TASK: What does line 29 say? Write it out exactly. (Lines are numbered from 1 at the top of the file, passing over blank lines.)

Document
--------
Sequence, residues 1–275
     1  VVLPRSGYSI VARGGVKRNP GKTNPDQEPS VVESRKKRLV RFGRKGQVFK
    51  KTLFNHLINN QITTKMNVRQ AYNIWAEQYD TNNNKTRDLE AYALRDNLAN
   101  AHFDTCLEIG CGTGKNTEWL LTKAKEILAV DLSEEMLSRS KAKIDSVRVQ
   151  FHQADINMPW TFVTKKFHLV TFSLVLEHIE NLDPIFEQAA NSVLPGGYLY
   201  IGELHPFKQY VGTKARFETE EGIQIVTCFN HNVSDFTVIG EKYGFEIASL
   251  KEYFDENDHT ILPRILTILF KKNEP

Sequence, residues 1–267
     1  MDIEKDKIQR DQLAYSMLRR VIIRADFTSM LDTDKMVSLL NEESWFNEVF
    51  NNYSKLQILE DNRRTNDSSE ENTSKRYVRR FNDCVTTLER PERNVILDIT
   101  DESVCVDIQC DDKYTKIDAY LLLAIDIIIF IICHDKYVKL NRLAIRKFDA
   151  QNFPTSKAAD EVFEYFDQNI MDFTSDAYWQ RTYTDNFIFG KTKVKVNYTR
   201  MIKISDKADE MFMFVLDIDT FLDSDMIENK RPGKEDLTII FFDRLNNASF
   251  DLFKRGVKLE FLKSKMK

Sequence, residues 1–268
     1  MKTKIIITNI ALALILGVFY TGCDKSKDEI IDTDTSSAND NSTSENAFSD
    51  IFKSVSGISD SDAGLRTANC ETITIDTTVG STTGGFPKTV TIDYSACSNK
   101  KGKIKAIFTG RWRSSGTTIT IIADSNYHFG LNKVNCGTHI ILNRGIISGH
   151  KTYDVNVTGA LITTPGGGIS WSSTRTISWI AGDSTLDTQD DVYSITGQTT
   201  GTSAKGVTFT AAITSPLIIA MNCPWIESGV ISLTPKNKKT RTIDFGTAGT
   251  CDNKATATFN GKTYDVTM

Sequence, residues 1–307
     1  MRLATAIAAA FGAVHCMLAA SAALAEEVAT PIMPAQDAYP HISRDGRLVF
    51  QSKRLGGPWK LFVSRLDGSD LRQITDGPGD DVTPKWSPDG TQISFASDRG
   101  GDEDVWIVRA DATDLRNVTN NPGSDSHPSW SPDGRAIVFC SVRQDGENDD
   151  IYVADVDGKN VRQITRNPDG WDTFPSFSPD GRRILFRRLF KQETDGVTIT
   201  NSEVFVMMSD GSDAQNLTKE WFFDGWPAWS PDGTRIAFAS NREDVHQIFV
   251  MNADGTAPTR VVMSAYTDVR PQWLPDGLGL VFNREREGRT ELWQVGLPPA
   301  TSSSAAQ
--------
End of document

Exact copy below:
   301  TSSSAAQ